2013 03 12 – NGC 7006 (H 1.52/C42)


Most globular clusters are located within the Galactic halo. NGC 7006, however, resides in the outskirts of the Milky Way, roughly 150k light-years away from the Galactic center. Although my observation was in the early morning hours of March, this stellar formation actually makes a terrific October target. It’s small and dim, which can make it difficult to locate. Look for neighboring star patterns and then increase your magnification to help locate it. You’ll see a dense core at all apertures with a faint halo evident in 8” scopes. My 16” f/4.5 reflector at 75x revealed a smooth, round 1.5′ disk with a brighter dense center. Increasing to 150x, it appeared slightly mottled with an absence of resolved stars. I attempted to increase magnification to 225x but the cluster became too dim to pull out more detail. My best view was at 150x with a 42-degree TFOV.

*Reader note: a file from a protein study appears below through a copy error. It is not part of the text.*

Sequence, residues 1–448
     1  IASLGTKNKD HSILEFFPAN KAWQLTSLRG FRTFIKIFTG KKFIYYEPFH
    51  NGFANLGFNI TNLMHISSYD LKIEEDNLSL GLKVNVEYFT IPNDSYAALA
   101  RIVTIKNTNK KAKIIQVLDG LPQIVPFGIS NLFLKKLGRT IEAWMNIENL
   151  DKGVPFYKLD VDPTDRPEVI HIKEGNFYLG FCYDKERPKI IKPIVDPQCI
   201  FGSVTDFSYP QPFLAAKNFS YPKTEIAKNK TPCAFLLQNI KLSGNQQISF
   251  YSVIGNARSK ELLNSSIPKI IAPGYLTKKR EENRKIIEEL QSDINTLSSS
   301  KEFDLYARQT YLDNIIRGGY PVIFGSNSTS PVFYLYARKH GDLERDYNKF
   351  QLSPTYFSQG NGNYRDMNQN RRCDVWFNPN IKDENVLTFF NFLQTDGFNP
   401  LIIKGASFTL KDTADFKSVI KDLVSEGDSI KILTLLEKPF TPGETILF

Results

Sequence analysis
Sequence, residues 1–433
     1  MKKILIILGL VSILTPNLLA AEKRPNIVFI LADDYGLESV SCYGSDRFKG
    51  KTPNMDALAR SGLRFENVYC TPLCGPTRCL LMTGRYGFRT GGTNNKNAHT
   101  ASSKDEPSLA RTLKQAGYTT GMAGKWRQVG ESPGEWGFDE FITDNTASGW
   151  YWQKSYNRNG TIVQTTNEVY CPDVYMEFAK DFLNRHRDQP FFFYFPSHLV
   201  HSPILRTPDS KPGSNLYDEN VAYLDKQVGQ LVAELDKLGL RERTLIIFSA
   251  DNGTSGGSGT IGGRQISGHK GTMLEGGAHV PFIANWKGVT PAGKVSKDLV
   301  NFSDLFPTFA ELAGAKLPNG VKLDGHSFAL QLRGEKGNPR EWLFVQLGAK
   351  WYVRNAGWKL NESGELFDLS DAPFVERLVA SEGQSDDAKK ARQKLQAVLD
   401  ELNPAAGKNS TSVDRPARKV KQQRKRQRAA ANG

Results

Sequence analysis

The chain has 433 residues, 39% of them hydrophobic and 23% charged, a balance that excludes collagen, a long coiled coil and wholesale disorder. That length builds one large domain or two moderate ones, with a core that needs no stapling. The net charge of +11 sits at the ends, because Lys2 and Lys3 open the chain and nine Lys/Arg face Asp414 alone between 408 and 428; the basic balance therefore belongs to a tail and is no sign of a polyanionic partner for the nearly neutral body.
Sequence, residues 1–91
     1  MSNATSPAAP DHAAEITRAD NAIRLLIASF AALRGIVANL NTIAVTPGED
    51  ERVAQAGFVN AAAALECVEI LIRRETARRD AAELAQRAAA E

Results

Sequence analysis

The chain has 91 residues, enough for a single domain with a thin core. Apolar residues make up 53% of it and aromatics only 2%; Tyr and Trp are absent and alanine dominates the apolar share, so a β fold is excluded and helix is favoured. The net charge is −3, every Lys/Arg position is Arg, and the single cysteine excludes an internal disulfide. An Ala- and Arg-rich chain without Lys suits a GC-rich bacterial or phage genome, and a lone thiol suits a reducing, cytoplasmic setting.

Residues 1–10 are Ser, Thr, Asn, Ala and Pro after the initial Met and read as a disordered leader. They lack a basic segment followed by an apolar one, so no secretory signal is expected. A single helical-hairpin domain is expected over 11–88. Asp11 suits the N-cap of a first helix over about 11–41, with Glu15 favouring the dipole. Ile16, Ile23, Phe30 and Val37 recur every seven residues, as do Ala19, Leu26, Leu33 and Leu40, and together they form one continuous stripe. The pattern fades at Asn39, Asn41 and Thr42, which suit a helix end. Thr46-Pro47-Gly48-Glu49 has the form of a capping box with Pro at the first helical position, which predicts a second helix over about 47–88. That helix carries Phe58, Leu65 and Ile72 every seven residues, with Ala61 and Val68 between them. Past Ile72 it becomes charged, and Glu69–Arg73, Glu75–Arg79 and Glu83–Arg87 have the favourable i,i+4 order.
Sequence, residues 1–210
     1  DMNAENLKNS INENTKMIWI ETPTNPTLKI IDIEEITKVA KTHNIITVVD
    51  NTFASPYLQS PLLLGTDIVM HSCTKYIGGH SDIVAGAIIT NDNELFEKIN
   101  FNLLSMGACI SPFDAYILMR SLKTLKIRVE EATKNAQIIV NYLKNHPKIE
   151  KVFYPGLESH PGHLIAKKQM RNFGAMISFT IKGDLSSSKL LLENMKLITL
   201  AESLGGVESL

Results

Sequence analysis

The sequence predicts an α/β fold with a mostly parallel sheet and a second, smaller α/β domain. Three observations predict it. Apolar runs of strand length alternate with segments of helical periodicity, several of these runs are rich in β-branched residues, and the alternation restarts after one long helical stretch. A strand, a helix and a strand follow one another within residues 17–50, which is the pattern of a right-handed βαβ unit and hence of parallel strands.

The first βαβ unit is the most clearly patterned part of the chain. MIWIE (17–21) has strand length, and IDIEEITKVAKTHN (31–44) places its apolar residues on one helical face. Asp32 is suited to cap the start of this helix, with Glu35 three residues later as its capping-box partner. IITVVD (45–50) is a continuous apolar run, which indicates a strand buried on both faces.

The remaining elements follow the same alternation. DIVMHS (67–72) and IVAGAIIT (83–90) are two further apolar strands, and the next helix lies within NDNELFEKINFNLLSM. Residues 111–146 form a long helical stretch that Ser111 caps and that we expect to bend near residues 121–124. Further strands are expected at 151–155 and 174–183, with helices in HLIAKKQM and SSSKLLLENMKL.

NGC 7006 (H 1.52/C42)
Class I (most star dense) globular cluster in the constellation Delphinus, 21h 01m 29.3s, +16º 11′ 16″, 2.8′, 10.6vm, 185k to 127k ly distance depending on source

Erika Rix – Liberty Hill, Texas
16” f/4.5 reflector on a non-driven Dobsonian mount, 8-24mm Baader Hyperion

Sketches were created with an observing template, #2 graphite pencil, loaded blending stump with charcoal and a super-fine Faber-Castell Pitt artist pen “S.



~ by Erika Rix on March 12, 2013.

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